Person to Person (P2) Bribes are a fact of life in any third world country. Sri Lanka is no exception though it is not openly culturally accepted as with is it with the neighbours. Lately though it feels that it is taken with the usual vut to du shrug. Particularly given the profusion of bribes stories I have heard. Perhaps its just ignorant me – who has so far live a charmed life of never having to bribe anyone (or wiggling out of such situation).
A big factor of this type of “corruption” is the classic combination of poorly paid (state) employees operating in a regulation rich, infrastructure poor environment. The only asset they have is an ability to make things more or less inconvent for you. Inevitably, this ability can be influenced in your favour for a fee. A fee which enables them to either make ends meet, buy some quality booze or both (difficult things to do on a government salary).
There are three types of person to person bribes. All involve paying someone to:
- actually do their job and execute a legitimate procedure
- not use their position to hurt you (essentially a mugging by a person of situational authority – David Blacker has grim example of this type)
- to do something in your favour that is illegal.
At a day to day level, most people end up paying the first two kinds of bribes. Sometimes, you might be forced to resort to a type 3 bribe due to some dire situation such as a failure of the regular procedures/infrastructure.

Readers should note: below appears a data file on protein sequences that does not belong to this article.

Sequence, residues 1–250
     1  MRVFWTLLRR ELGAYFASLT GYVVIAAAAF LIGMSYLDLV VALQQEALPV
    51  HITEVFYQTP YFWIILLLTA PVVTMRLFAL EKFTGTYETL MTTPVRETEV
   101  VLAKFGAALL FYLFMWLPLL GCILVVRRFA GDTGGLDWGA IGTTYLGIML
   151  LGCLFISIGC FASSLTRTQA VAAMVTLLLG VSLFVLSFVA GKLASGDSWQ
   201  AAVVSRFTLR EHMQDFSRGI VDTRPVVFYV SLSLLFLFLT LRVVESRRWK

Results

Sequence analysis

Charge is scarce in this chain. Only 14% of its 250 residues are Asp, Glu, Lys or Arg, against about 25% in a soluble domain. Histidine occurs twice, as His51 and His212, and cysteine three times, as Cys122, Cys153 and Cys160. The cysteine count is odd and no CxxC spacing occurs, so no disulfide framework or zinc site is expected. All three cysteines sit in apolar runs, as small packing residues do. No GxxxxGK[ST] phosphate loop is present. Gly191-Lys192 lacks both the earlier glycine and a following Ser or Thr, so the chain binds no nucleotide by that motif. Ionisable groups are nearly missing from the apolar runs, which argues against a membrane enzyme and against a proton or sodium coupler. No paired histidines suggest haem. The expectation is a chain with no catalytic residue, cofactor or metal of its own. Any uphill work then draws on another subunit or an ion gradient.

Government offices where you have to get some sort of official document usually requires a type 1 bribe. One land registry office (forgot which one) is said to be particularly bad. From my own experience, the Sri Lankan passport office and ID card offices are significant acceptions. They’re comparatively high level of efficiency felt almost un Sri Lankan. Of courses others will have different opinions. Cases such as the LTTE buying id cards in bulk constitues “high level” bribery.
Naturally there are fuzzy grey areas and overlap between bribe types. Bureaucarctic hassles to are typically a means of demanding an income supplementing bribe. So are overly nitpicky application of regulations. Increasing bureaucratic demands over increasingly minor things is a general signal to pay up.
Sri Lanka’s finest are the most frequently mentioned in bribe stories you are likely to hear. However a “user fee” in the less visible worlds of Sri Lankan life, keeps the formal and informal economy shuffling along. There are also ways of getting around having to pay bribes as well, But all that is another post (coming soon or more realistically whenever I get around to it).